This is England’s time. If Gareth Southgate and his players — a very, very strong group — want to be remembered as more than the bridesmaids they have become, they have to win next summer’s European Championship.
Can they do that with Southgate as manager? Yes, if he takes the handbrake off and allows a team who are good enough to beat anyone to go and do so.
Southgate has done a good job in seven years, but he could have done better. England could have been the bride at both the 2018 and 2022 World Cups and Euro 2020. My criticism would be that he is too much like a counter-puncher in boxing. His teams come out and feel their way into a game. It is rarely with the attitude of, ‘We’re just going to out-score you’.
As a player, you want to be on the front foot. I go back to when I was at Liverpool. We were made to feel we were the best. It was as simple as, ‘You match them across the corridor for effort and you win the game, because you’re better than them’. That made you feel 10 feet tall.
England should have no one to fear. France apart, all the major European teams are weak. I’ve never known a weaker Spain, Germany or Italy. Spain have Alvaro Morata up front, and he has been a nearly man at all the big clubs in Europe.
As a player you want to be on the front foot, but England’s boss is more of a counter-puncher
England should fear no one at Euro 2024, with a squad stuffed full of world-class talents
Southgate has achieved during his time in charge, but I want him to be more adventurous
Even against France, in the World Cup quarter-final, England started in the usual conservative way but, when they went behind, they went after France and were the better side. You look back and think, ‘Why did you not start in a more positive frame of mind?’
This comes back to Southgate not needing to play two holding midfielders. Declan Rice is most definitely good enough to do that job on his own. He has the athleticism and the brain to sense and eliminate threats.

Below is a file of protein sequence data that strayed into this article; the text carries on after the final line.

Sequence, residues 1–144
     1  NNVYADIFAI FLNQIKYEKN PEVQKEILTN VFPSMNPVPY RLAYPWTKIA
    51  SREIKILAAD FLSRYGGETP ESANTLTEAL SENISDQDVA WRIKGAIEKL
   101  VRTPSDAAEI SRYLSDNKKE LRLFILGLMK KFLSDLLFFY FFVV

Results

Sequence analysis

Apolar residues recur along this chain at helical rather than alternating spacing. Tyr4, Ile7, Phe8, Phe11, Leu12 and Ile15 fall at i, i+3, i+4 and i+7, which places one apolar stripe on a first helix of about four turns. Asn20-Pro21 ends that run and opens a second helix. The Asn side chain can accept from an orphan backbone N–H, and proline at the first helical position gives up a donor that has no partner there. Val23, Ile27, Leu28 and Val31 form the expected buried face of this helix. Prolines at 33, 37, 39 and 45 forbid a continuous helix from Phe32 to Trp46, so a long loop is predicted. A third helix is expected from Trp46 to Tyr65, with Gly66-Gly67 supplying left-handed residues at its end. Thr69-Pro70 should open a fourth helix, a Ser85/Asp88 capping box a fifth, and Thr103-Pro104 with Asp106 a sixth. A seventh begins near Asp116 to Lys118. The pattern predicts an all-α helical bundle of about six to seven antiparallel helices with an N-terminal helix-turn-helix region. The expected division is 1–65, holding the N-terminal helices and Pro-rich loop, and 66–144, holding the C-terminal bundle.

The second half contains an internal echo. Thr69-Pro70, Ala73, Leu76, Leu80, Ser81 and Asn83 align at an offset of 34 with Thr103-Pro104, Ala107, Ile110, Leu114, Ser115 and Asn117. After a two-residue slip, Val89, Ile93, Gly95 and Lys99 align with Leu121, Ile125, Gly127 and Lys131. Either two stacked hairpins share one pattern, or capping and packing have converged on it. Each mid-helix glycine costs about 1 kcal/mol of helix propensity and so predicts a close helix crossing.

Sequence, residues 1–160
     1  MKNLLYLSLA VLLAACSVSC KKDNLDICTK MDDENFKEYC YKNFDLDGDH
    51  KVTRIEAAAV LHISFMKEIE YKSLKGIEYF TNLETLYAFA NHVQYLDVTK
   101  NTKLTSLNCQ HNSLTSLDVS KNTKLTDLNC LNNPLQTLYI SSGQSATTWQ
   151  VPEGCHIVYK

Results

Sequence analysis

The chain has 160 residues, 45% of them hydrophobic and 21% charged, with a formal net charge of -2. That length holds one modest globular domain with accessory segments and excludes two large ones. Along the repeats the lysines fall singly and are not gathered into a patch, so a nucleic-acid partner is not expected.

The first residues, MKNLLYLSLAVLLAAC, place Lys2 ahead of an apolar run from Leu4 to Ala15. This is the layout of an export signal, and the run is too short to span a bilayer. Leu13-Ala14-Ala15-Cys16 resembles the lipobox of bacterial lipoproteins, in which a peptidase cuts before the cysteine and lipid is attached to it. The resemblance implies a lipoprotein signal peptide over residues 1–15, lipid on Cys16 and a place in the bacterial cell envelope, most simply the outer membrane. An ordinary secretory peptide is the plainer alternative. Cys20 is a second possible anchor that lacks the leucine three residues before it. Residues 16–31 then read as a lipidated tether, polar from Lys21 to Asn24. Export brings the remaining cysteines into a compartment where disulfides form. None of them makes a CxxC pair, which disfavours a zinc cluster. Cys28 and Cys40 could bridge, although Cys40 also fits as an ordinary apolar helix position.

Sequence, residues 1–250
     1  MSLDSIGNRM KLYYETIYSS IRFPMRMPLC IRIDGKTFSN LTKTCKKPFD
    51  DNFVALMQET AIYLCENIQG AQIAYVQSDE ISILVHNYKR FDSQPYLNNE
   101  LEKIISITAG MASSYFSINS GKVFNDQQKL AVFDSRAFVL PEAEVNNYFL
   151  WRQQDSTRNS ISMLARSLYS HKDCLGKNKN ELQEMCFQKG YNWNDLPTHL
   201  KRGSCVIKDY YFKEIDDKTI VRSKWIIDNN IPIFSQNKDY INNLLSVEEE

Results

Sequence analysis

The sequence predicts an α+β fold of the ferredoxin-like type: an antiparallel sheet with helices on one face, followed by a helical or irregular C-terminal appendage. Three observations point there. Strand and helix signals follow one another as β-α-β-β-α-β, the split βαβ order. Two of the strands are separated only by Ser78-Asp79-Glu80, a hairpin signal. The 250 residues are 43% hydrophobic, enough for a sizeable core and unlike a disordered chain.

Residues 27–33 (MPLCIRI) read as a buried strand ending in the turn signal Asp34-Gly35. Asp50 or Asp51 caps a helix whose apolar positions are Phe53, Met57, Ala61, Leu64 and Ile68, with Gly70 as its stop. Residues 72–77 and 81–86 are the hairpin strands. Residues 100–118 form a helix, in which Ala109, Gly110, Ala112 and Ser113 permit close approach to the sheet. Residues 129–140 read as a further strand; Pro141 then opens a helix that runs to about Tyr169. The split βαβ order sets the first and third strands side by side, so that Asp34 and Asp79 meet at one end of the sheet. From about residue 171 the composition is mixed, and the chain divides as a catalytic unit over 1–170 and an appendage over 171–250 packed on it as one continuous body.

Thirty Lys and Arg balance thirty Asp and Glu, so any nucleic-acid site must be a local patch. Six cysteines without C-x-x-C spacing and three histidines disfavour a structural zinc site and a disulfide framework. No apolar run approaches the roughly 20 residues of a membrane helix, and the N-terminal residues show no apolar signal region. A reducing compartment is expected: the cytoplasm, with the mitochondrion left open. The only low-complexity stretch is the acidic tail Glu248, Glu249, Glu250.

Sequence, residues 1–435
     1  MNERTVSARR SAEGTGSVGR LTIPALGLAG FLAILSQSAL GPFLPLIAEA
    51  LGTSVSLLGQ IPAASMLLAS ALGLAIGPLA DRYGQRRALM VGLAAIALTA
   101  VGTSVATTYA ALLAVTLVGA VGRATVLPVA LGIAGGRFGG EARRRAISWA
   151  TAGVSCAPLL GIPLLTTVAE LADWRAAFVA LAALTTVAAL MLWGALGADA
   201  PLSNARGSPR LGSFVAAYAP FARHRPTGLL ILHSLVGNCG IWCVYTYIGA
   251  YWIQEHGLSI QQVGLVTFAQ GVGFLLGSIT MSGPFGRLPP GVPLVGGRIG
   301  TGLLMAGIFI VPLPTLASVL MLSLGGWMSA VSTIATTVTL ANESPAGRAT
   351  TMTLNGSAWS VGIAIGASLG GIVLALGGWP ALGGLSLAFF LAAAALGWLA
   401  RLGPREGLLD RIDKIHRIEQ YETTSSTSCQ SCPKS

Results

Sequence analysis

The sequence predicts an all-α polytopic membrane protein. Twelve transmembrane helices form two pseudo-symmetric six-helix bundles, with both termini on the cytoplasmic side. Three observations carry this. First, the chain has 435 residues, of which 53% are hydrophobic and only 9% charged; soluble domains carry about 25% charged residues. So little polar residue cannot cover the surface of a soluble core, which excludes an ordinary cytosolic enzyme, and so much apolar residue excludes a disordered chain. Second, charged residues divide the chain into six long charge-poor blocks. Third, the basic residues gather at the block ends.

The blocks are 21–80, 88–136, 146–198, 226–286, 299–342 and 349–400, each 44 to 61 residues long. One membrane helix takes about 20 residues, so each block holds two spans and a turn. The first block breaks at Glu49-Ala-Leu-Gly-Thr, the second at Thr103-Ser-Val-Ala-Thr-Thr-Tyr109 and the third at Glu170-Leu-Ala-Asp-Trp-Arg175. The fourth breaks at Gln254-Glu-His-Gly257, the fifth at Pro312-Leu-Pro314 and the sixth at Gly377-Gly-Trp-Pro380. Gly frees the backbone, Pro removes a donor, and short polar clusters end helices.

Get another attacking player in there. They have been lacking creativity at times and the best creative player in English football has been, for a number of years, James Maddison.
OK, Maddison is injured, but there has been a reluctance to throw him in. I would play him just off Harry Kane, and Kane would love playing with him. Southgate has the players to win tournaments and this, for him, is a wonderful opportunity.
If you look at his managerial career — relegated from the top flight with Middlesbrough, going to England Under 21s and then ending up with the big job — it was a case of right place, right time, and he has been lucky with the pool of talent he has got.
But that is management, and the best example is international football. Your job depends on what the country has produced at that particular moment.
You have next-to-no time with the players. You are not going to make them better. It is about getting them organised and creating a feel-good factor around the place.
Southgate has achieved that, but I want him to be more adventurous and back his team to be the best. If not, he and supporters of England could be left wondering about what might have been.
James Maddison (left) when fit, would look impressive partnering captain Harry Kane in attack
France pose the greatest threat next summer – I’ve never seen a weaker Spain or Germany
I’m staggered Ten Hag was not at Sir Bobby’s funeral
I have to say, I found Erik ten Hag not being present at Sir Bobby Charlton’s funeral quite bewildering.
We were told he had a longstanding commitment in the Netherlands. Maybe it was a very valid reason, I do not know, the club has given us no indication as to its nature.
But I cannot ignore my initial reaction, and that was one of being totally staggered. Sir Bobby was Mr Manchester United. He was responsible for the most recent glory period at the club as much as Sir Alex Ferguson, because he kept Fergie in the job in the late eighties.